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what happens if you smoke a weed seed

What happens if you smoke a weed seed

The fix was easy enough. Brandishing my P-Touch label maker, I printed out “Lowryder strain, seed two” and stuck the label on the container of curing buds, right over top of the one that read “Diana Prince.” I instantly felt better.

That wasn’t the only connection I was hoping for. I saw becoming an L.A. pot-plant parent as a way to gain entree to an invisible social network in this city in the way those who raise children here end up forming lifelong bonds with strangers who happen to have had kids at the same time. Instead of bonding over hastily arranged carpool schedules or sitting on the sidelines at a soccer game together, I imagined mingling with first-time marijuana moms and dope dads in the gardening supply aisle at Lowe’s, sharing baby pictures of our leafy green chlorophyll kids and trading curing tips and yield-boosting hacks.

But the desire to get my grow on also has a lot to do with how I grew up in rural Vermont.

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As the eighth week stretched into the ninth, I dutifully burped the curing jar every few days, gazing at the contents with awe before snapping the lid back in place and putting the container away, but I didn’t try it. Was I, on some subconscious level, afraid that I wouldn’t get high enough (or, even worse, not high at all) off my homegrown handiwork? Perhaps the thrill had really been about the process — the pursuit of happiness — the whole time and not about the ounce of weed curing in my pantry. Or maybe I wanted the best for my baby and was dragging my feet only until Diana Prince had cured a full six months?

I planted my first seed on Oct. 19, 2020, opting for an easy-to-grow strain called Lowryder. Considered one of the first autoflowering strains of marijuana — meaning the plant flowers after a set period of time instead of taking its cue from seasonal light changes — Lowryder is a cross of Cannabis ruderalis, ‘Northern Lights No. 2′ and ‘William’s Wonder’ that yields a compact, indica-heavy plant. Based on the grow guide included in my kit, my plant would be ready to harvest just before Christmas. In a nod to the holiday season timetable, when the first green sprout popped out of the soil a few days later, I nicknamed her Mariah in honor of the chanteuse whose 1994 album “Merry Christmas” seems to flower like clockwork year after year.

That’s why, when faced with midpandemic boredom, in a state where it’s legal to grow (under California law, anyone 21 and older can grow up to six plants for recreational use) and with an unused everything-but-the-seeds kit from A Pot for Pot (purchased while researching The Times’ 2020 holiday cannabis gift guide) lurking in the corner of my home office, I decided to connect with my roots by trying to get a pot plant to put down the same. By following the process from start to finish, I reasoned, I’d be able to better appreciate how those dried little nuggets of instant staycation get from the soil to the dispensary shelf.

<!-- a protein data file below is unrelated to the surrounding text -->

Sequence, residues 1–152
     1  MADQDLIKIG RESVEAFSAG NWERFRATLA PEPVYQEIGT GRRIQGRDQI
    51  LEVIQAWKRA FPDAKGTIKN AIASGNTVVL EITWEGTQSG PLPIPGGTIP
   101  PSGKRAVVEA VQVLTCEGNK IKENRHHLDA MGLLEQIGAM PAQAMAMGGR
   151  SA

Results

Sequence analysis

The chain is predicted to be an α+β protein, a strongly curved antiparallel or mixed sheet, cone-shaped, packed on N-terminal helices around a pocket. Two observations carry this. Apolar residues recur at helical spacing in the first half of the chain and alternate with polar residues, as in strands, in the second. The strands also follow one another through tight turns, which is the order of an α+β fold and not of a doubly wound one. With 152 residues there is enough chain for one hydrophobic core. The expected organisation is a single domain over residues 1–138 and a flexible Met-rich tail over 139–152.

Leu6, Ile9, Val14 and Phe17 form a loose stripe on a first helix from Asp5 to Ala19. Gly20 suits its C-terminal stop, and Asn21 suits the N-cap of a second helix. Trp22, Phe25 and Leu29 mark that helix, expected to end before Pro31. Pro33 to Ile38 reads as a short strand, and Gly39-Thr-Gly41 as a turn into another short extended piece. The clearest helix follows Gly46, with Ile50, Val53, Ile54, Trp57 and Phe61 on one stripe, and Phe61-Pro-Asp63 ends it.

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In mid-January, I planted my second seed. When she burst forth from the soil Jan. 19, the split seed casing clinging to the top of the green shoot reminded me of an armored helmet. Having just watched “Wonder Woman 1984,” I impulsively decided this powerful woman would bear the name of the Amazonian superhero’s secret identity: Diana Prince. Eager to avoid my earlier mistake, Diana Prince was transplanted to her forever home just five days later and then locked safely in my garage under the new grow light (20 hours on, 4 hours off). I visited my baby daily, watering her just enough to keep her healthy and thriving.

What happens if you smoke a weed seed

Despite being void in THC and CBD content, cannabis seeds are rich in amino acids, potassium, iron, zinc, magnesium, and vitamin A.

You can add them to meals such as salads, pasta, dressings, and oatmeal for a nutty and nutritional crunch!

Long-term effects of smoking weed seeds are even worse! Marijuana seeds produce carcinogenic chemicals and toxins which can damage your respiratory system.

Consider selling them

The long answer is that there is no good reason for you to smoke cannabis seeds unless you are looking forward to getting a headache afterwards.

Technically, you can crush cannabis seeds into a powdered form and try smoking them. However, does that mean you should? The short answer is no.

Add them to food

If you have had these thoughts, then you are not alone! Most marijuana consumers at some point in their weed consumption journey start to wonder if it is safe to smoke cannabis seeds.

Here are a few things that can be done: